It just struck me today how two of my favourite paintings that I've mentioned previously in my blog are in fact strangely similar, and yet so completely different.
Take a look and you'll see what I mean.
Here's Caravaggio from this article
Caravaggio Judith Beheading Holofernes, (Oil on canvas, 1598)
..and three hundred years later here's Degas from this article.
Edgar Degas, La Coiffure (Oil on canvas, 1896)
Now I'd never have thought of Degas and Caravaggio as being in any way similar before, but see what I mean...?
I know they're two completely different subjects - one is a violent beheading with three figures and startling chiaroscuro, the other is a calm domestic scene mostly in red tones with only two figures - but just take a look at the composition.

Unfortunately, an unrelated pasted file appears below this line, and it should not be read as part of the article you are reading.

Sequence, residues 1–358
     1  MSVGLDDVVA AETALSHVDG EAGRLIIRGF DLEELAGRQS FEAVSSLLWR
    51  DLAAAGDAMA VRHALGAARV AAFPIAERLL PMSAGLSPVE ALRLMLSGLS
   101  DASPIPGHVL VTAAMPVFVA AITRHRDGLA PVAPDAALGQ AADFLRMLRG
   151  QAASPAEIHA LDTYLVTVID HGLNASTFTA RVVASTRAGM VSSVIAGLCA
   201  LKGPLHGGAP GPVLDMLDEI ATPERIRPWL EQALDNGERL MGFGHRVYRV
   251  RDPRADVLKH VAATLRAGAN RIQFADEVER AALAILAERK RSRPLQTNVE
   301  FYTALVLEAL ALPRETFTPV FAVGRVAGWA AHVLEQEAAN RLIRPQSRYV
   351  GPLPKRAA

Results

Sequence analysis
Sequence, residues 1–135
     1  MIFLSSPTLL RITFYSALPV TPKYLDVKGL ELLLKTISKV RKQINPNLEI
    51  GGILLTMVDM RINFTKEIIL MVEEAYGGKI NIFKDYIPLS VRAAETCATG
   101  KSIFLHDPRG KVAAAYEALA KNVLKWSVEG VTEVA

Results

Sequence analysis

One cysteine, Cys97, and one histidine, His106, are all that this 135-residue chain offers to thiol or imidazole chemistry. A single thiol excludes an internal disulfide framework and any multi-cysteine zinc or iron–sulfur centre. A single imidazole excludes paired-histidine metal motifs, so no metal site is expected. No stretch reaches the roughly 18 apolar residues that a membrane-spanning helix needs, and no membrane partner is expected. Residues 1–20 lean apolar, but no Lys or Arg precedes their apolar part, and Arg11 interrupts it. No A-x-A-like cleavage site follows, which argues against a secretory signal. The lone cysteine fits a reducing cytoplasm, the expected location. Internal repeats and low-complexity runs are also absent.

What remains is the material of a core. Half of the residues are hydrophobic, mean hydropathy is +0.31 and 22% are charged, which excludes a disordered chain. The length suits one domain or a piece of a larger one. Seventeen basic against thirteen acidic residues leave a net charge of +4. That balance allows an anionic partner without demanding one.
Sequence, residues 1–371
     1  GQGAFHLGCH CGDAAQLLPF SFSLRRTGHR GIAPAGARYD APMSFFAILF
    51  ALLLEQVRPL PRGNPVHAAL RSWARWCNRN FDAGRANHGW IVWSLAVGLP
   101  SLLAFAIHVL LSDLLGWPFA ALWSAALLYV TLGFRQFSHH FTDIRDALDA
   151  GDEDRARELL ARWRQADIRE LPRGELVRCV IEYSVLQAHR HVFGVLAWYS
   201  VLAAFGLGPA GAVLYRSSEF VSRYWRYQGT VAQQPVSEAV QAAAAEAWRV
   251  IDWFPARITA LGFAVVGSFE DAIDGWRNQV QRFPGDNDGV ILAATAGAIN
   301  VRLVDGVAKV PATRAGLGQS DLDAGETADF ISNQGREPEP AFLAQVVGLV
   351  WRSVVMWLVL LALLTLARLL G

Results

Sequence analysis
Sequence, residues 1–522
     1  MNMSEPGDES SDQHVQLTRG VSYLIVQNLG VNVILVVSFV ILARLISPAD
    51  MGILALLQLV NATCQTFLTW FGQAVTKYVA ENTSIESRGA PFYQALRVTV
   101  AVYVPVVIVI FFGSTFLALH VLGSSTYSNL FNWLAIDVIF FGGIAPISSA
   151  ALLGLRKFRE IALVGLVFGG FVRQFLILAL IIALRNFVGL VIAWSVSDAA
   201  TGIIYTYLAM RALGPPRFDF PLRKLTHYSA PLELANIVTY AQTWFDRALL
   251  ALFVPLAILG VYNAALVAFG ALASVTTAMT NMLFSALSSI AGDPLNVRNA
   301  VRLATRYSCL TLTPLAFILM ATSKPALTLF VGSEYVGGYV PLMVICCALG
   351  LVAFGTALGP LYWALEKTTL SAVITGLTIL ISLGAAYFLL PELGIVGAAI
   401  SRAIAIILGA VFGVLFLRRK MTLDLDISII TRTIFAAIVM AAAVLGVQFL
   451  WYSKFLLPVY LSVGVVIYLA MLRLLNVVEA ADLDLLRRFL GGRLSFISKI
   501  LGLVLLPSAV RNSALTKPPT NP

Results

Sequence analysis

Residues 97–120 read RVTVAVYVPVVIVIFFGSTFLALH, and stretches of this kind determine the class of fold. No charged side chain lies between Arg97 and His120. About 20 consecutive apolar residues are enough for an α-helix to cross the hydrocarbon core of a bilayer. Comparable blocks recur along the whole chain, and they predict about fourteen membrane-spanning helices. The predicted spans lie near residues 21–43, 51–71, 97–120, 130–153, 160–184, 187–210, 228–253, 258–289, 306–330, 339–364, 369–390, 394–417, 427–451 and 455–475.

In each, one figure lies submissively on the left, and a standing figure carries out the action of the piece on the right.
In the Caravaggio, Judith holds Holofernes' hair and cuts the throat with a red surge of blood. In the Degas, the maidservant holds the hair and wields a comb through the red swathe of hair, in an act that seems to be producing a certain amount of pain as well as pleasure.
In both, the loops of the circles of the arms of the two main protagonists form a rhythmical figure of eight across the painting.
But the oddest thing of all linking the two pictures is the loop of red curtain hanging from the top of both paintings. In both it signals an enclosed, shallow, intimate space, like a theatre set, something almost womb-like.
It's an oddly disconnected piece of drapery in both - in the Caravaggio it writhes in an agitated convulsion, echoing the blood and pain of the brutal act. In the Degas, it hangs in sensuously suggestive folds.
Did Degas have the Caravaggio at the back of his mind when he painted his blood-red painting? I have no idea.
All I can say that it strikes me that there are strange resonances between them both, and now that I've noticed it, it gives a whole new sub-text to Degas' painting for me!